A minority of the Council (seven members) recommended a ban on cloning-to-produce-children,
with federal regulation of the use of cloned embryos for biomedical
research. Such a policy, they argue, would permanently ban cloning-to-produce-children,
which nearly all Americans oppose, and would allow potentially important
biomedical research to continue, thus offering hope to many who
are suffering. These members believe that a regulatory system would
be sufficient to protect against abuses and to prevent the implantation
of cloned embryos to initiate a pregnancy. Above all, they believe
that society should support and affirm the responsible effort to
find treatments and cures for those who need them.
A majority of the Council (ten members) recommended a ban on cloning-to-produce-children
combined with a four-year moratorium on cloning-for-biomedical-research,
and also called for a federal review of current and projected practices
of human embryo research, pre-implantation genetic diagnosis, genetic
modification of human embryos and gametes, and related matters.
Such a policy, they argue, would most effectively ban cloning-to-produce-children,
which nearly all Americans oppose, and would provide time for further
democratic deliberation about cloning-for-biomedical research, a
subject about which the nation is divided and where there remains
A moratorium would allow time for moral persuasion; for further
animal experiments and progress on alternative avenues of research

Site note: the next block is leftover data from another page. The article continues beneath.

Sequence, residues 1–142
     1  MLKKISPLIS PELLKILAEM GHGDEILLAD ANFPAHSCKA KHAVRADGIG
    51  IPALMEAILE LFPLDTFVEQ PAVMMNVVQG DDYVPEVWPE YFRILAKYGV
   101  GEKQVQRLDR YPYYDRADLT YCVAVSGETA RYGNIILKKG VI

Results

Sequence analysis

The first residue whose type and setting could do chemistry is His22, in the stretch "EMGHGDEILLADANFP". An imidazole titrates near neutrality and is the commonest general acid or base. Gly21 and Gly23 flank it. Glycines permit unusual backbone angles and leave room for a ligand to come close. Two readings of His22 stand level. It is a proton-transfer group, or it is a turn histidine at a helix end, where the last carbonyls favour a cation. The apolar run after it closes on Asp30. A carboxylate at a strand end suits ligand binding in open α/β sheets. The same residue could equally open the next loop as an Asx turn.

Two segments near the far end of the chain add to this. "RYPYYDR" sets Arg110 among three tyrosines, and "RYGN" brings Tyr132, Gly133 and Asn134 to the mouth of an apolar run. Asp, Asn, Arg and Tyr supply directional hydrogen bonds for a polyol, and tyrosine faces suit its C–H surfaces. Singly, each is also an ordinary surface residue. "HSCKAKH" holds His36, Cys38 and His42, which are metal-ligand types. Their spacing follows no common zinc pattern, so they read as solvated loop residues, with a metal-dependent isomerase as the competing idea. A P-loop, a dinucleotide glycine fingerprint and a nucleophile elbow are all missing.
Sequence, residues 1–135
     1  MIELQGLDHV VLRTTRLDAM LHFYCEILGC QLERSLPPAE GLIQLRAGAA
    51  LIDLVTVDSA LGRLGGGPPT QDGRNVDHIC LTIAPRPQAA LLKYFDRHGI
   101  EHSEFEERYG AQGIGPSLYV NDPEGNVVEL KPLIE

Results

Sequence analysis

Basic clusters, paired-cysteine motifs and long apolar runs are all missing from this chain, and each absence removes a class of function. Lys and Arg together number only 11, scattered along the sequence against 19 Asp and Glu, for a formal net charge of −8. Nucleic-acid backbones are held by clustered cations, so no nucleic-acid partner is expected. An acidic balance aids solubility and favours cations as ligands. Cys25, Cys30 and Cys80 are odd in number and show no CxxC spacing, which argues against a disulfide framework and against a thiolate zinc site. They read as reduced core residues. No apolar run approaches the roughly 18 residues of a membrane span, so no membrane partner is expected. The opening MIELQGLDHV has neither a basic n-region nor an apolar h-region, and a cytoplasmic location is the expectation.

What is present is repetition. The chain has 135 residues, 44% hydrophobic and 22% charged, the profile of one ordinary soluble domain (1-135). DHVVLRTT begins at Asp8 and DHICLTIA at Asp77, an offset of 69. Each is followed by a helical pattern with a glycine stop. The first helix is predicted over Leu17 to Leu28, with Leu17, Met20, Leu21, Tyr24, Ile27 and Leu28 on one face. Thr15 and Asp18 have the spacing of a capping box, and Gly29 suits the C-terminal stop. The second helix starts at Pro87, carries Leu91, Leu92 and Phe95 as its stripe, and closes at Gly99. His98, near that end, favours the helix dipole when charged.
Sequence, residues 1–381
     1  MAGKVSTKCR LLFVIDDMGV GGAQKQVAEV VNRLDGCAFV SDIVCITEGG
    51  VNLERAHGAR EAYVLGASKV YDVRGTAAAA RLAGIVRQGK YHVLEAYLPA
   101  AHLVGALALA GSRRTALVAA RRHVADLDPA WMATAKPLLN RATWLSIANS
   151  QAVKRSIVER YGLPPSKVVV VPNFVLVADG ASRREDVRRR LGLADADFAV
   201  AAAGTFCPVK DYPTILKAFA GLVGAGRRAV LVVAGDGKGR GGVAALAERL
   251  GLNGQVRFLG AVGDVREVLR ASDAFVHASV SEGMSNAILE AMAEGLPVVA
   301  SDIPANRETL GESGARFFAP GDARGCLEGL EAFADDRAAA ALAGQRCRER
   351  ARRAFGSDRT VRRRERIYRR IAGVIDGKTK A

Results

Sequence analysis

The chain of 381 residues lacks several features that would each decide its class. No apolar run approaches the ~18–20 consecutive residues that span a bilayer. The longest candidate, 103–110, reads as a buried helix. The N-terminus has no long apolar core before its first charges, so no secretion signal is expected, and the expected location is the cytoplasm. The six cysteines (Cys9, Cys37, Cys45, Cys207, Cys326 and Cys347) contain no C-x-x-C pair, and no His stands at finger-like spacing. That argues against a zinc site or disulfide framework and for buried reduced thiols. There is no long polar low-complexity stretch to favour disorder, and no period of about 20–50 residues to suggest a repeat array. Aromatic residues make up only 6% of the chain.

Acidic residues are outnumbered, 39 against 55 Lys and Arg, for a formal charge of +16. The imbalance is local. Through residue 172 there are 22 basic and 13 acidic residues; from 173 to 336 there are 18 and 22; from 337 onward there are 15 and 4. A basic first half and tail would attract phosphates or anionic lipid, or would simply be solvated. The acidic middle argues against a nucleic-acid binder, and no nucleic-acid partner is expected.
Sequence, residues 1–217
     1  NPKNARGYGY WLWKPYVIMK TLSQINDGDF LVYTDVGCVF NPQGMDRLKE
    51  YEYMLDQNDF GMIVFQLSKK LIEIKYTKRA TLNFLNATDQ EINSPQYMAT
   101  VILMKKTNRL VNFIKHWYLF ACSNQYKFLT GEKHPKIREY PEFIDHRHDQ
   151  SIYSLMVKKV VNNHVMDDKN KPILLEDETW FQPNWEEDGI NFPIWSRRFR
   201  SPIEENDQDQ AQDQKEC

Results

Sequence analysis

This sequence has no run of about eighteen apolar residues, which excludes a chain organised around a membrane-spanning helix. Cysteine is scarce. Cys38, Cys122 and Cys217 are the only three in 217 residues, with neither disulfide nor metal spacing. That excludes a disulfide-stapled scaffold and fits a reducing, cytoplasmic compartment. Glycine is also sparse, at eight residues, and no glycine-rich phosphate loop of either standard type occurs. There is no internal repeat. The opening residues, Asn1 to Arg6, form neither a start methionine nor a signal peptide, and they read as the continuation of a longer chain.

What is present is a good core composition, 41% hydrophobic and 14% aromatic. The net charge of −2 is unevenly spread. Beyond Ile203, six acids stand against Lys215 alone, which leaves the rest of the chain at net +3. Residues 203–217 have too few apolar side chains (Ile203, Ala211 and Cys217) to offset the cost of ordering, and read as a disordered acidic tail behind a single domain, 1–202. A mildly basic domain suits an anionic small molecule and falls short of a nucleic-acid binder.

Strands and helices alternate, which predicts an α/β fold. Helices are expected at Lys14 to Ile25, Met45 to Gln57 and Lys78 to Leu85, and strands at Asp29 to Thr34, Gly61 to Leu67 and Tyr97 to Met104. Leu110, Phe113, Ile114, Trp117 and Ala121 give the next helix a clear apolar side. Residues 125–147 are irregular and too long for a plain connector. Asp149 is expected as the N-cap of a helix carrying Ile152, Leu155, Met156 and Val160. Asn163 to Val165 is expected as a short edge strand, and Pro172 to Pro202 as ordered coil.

(including adult stem cells, and other approaches to the immune
rejection problem); and for development of possible future regulations
by those who do not wish to see the moratorium made permanent.
It would show respect for the views of the large number of Americans
who have serious ethical problems with this research, and it would
promote a fuller and better-informed public debate. The moratorium,
they argue, would also enable society to consider this activity
in the larger context of research and technology in the areas of
developmental biology, embryo research, and genetics.
Finally, a moratorium, rather than a lasting ban, signals a high
regard for the value of biomedical research and an enduring concern
for patients and families whose suffering such research may help
alleviate. These members believe that on this important subject
American society should take the time to make a judgment that is
well-informed, respectful of strongly held views, and representative
of the priorities and principles of the American people. They believe
this proposal offers the best available way to a wise and prudent
(Both recommendations, and supporting arguments, are presented
at length in Chapter
8 of the report.)
17. Are disagreements over cloning basically a clash of religion
Disagreements over the ethical and policy positions regarding human
cloning do not seem to fall along lines of science and religion.
The Council’s own deliberations are an example of this. Eight
of the Council’s eighteen members have degrees in medicine
or biomedical science. Four of these supported the majority proposal,
while the other four supported the minority. Meanwhile, members
with strong religious convictions can be found on both sides as
well. Unusual left-right coalitions have also been seen on both
sides of the cloning debate in Congress. Differing assessments of
the moral significance of the facts at hand have shaped the differing
opinions of the members.
18. Where does President George W. Bush stand on human cloning?
President Bush has expressed strong opposition to all human cloning,
whether for biomedical research or for producing children. For more
information about his views, visit the White House website at http://www.whitehouse.gov/